But I am reading more and more articles that seem to think that homeschooling is this well organized "army" with a secret desire to overthrow the whole US government. (I think they must have us confused with officials at the Department of Education.) Here's the latest example, Home-schooling special: Preach your children well.
The home-school movement is often described as a grassroots effort, scattered among a dispersed group of quiet, rural families. The reality is that the movement is well organised from the top down, led by groups with strong political ties. Taken together, organisations like the Discovery Institute, Exodus Mandate, HSLDA and Patrick Henry College are working to sculpt a new generation of students armed with the skills and the motivation to fight for their religious beliefs and their version of science.Their real fear seems to be that homeschoolers will think incorrectly about God, and specifically Creation science.
The reality is, we are not as organized as this writer would like to believe. I don't have any affiliation with any of the groups listed in the article and never have. However, she is right about what many (not all) homeschoolers think and teach their children, but fighting for what we believe certainly isn't unique to homeschoolers. There are many citizens of this great land who are willing to fight for what they believe and they fight at the taxpayer's expense! But isn't intellectual freedom one of the hallmarks of a democracy? Aren't we allowed to think and believe what we want even if others believe it is wrong? Since when did conformity of thought on the earth's origin become a requirement for citizenship in the United States?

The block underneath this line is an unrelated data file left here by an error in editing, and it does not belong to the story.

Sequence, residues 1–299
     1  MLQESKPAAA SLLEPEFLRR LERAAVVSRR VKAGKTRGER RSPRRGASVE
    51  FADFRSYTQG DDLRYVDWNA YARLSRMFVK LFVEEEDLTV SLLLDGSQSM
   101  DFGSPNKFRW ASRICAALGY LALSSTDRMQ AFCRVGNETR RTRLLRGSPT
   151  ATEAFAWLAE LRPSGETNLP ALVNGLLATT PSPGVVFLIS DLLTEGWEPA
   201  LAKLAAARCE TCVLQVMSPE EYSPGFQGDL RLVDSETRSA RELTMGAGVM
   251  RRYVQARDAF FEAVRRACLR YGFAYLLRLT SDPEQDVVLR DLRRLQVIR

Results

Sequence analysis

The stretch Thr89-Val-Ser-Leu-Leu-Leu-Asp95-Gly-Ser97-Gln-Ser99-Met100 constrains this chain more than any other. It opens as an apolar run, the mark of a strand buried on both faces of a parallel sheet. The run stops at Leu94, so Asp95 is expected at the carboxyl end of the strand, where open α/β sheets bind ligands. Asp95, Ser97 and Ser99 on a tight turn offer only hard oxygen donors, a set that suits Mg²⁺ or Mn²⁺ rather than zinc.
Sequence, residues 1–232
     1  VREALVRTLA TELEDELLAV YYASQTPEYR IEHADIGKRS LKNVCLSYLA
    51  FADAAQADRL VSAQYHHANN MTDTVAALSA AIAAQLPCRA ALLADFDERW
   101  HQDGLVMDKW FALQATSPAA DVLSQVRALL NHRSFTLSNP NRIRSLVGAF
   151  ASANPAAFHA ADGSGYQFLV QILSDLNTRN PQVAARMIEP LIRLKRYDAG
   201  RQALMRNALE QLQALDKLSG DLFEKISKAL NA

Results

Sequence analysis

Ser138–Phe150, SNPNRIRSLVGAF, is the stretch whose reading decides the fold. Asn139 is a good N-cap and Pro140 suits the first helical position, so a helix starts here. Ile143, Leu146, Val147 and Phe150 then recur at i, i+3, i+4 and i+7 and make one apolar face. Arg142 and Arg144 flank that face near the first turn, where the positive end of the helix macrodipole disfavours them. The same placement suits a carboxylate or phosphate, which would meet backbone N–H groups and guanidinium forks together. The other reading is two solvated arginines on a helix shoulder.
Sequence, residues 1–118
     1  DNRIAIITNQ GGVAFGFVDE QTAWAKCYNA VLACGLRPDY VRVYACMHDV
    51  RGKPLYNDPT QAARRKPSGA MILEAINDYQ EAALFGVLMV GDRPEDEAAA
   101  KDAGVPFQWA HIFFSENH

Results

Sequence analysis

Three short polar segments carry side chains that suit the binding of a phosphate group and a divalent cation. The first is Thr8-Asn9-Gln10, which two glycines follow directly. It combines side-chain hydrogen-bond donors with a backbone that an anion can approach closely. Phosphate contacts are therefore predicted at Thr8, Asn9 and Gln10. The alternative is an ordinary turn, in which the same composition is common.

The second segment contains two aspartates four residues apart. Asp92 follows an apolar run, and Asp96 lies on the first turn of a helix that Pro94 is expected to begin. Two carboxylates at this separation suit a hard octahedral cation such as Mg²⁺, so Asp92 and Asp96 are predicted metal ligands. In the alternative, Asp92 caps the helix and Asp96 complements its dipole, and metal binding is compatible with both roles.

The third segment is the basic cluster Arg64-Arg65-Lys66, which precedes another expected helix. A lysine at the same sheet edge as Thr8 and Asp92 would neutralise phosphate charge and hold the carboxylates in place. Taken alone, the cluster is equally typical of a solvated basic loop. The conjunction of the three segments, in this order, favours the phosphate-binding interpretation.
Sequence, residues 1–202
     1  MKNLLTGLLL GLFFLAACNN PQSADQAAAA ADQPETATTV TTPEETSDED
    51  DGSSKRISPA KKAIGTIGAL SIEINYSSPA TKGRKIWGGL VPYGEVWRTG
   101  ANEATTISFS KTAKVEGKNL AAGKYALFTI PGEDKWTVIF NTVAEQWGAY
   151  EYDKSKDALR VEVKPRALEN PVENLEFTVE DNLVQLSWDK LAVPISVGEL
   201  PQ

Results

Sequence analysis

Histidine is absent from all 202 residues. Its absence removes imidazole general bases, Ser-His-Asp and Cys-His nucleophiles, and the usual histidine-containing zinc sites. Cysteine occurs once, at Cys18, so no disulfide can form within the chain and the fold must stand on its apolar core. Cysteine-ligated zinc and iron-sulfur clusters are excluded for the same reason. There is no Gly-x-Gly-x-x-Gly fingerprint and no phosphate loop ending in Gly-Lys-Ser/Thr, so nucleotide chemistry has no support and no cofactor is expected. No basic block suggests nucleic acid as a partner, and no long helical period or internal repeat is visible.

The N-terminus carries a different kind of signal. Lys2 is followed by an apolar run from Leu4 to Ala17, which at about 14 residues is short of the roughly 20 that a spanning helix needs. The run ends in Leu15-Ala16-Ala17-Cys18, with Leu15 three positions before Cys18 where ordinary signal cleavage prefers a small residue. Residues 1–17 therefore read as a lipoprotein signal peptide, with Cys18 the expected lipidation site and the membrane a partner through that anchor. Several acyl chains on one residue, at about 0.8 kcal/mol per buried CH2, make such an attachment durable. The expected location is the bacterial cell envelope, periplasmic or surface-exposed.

These students are part of a large, well-organised movement that is empowering parents to teach their children creationist biology and other unorthodox versions of science at home, all centred on the idea that God created Earth in six days about 6000 years ago.
This lack of regulation may be skewing science education in US homes, says Alters. "Poll after poll shows that approximately one out of two people in America reject evolution. They think the scientists, teachers and textbooks are wrong," he says. An even higher proportion of home-schooling parents may reject evolution, Alters thinks. "And they're going to be teaching science?"
The idea that some see the "truth" better than parents and therefore must regulate homeschooling to ensure that our children are taught these "state approved" ideas is a denial of the intellectual freedom to think what we would like to think without interfence by the government. And a growing number of parents successfully do just that and teach those ideals to their children. Of course, this is going to impact our culture. But we don't set out to do that. We just want our children to know the Truth and live a life pleasing to the Lord. If that changes the culture, so be it. But to be honest, there is Someone bigger than Michael Farris commanding that army.
Wayne offers some excellent commentary as well.